Why is there an extra "(" after the promise?

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I am very stingy about my learning and I always want to know the reasoning behind things. I can not understand why there is an ( after the promise and why it goes all the way to the ; as I have never seen a ) go past the function from the arguments.

Your code so far

const makeServerRequest = new Promise((resolve, reject) => {


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User Agent is: Mozilla/5.0 (Windows NT 10.0; Win64; x64) AppleWebKit/537.36 (KHTML, like Gecko) Chrome/ Safari/537.36

Challenge: Create a JavaScript Promise

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The Promise constructor takes a callback function as a parameter.

The callback function is this bit:

(resolve, reject) => {


It’s standard arrow function syntax.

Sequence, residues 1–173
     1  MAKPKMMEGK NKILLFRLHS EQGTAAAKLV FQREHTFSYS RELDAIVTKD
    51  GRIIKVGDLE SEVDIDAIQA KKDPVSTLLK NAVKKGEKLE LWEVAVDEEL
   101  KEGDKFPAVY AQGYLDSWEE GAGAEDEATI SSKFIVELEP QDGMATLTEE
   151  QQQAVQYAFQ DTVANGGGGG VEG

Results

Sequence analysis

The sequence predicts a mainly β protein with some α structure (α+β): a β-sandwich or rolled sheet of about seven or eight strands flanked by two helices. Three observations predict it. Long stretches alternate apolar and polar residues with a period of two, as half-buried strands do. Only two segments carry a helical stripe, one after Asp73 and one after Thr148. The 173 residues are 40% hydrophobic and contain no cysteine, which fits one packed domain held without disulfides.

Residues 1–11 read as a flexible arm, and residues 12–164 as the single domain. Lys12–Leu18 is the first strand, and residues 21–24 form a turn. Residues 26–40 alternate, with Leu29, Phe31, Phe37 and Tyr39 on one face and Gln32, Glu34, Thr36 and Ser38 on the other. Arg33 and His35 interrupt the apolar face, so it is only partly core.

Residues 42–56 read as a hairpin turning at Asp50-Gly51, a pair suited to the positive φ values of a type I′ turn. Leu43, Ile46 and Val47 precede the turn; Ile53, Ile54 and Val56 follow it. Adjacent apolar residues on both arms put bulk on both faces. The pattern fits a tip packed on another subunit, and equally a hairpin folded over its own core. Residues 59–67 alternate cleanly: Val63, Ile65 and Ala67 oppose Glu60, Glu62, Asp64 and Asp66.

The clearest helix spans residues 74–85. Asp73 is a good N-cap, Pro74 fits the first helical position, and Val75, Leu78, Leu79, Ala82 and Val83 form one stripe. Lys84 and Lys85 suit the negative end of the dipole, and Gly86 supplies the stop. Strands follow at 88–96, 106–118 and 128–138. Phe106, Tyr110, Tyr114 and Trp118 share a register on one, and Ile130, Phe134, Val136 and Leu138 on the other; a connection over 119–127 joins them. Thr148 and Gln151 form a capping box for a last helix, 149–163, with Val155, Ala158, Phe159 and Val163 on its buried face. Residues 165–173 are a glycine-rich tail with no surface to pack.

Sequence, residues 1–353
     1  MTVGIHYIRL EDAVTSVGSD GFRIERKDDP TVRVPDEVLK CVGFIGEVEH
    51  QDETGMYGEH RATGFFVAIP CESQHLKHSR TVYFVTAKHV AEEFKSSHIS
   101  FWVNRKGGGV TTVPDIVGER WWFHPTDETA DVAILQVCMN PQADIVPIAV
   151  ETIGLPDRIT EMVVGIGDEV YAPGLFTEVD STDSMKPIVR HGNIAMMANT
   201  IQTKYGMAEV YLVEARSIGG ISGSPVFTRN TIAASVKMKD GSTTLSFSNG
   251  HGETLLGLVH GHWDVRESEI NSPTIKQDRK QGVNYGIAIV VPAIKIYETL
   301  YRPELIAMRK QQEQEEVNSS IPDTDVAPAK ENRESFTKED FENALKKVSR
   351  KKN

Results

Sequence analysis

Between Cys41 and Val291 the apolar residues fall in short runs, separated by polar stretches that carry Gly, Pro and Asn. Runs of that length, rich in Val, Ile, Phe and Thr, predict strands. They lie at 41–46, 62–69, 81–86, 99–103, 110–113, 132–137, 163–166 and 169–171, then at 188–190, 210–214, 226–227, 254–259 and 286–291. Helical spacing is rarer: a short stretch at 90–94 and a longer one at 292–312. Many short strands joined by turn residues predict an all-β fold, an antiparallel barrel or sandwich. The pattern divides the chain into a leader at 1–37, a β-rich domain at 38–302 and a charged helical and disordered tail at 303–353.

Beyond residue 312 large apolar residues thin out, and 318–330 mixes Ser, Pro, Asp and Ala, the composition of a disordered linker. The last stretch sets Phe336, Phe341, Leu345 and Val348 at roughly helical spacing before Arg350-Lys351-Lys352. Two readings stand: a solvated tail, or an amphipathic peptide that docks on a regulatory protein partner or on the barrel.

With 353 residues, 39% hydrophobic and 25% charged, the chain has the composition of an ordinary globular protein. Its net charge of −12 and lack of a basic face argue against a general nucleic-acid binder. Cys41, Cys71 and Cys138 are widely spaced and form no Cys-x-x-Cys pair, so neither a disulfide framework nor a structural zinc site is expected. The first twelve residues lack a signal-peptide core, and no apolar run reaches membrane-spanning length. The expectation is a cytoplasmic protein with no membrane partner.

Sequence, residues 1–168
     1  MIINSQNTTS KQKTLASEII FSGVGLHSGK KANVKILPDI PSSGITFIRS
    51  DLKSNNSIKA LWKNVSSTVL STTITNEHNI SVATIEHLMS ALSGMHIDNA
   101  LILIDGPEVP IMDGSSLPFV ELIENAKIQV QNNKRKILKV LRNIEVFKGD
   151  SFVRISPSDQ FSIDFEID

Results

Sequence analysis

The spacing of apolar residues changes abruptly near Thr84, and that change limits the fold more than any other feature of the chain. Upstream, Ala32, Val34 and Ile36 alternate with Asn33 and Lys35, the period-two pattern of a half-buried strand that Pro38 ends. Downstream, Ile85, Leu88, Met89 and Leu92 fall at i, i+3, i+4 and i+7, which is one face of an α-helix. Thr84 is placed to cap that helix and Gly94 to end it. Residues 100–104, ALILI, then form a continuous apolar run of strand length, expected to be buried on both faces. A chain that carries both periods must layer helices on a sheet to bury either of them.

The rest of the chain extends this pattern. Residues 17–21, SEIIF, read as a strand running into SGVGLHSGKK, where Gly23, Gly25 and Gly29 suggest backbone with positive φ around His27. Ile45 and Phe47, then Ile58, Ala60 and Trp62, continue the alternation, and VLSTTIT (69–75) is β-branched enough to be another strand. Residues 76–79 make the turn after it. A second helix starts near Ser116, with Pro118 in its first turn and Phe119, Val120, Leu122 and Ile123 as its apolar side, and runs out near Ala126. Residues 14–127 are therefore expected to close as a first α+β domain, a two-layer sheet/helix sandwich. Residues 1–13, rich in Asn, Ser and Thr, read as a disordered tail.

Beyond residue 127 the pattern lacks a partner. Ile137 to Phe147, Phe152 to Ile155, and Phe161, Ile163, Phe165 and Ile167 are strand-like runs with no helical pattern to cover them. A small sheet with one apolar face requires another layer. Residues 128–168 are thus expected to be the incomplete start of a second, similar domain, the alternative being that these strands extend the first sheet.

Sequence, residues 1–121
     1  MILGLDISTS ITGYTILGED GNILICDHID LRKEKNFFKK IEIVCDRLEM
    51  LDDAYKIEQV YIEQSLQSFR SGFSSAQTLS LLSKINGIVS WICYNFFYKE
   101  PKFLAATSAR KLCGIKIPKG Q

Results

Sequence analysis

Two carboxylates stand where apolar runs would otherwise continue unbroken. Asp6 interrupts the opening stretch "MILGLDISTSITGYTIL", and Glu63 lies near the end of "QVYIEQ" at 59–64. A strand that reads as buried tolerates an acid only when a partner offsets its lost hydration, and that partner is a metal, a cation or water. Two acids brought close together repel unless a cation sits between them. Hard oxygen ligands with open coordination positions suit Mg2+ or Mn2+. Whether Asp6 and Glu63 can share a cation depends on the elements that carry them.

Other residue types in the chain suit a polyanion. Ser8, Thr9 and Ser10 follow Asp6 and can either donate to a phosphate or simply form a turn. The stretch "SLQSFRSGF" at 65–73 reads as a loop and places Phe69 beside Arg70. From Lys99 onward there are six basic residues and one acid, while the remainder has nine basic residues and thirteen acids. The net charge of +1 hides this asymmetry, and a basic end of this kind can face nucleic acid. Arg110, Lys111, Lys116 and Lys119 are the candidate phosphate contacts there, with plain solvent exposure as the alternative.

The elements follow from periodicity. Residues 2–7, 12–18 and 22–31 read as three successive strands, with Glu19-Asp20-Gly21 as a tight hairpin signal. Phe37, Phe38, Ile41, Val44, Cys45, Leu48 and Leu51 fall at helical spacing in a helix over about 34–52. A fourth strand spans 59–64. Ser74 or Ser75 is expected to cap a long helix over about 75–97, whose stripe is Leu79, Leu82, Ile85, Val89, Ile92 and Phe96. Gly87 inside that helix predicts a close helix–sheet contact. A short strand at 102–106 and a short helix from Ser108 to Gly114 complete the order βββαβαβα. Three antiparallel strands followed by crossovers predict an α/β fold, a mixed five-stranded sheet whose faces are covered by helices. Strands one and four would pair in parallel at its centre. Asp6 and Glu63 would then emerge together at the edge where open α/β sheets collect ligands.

Check out the “Basic syntax” section:

Multiple params require parentheses

My question is more around the last parentheses.
(resolve, reject) => {

this looks standard, however
((resolve, reject) => {

this is where my question arises

I forgot to reply to you in the previous response.

const makeServerRequest = new Promise((resolve, reject) => {


is similar to:

const myCallback = (resolve, reject) => {

const makeServerRequest = new Promise(myCallback);

the last ) your asking about is actually the closing ) of the Promise constructor.

However, if you noticed with the last example, using myCallback is redundant and not as clear as if you pass the function in directly as an argument.

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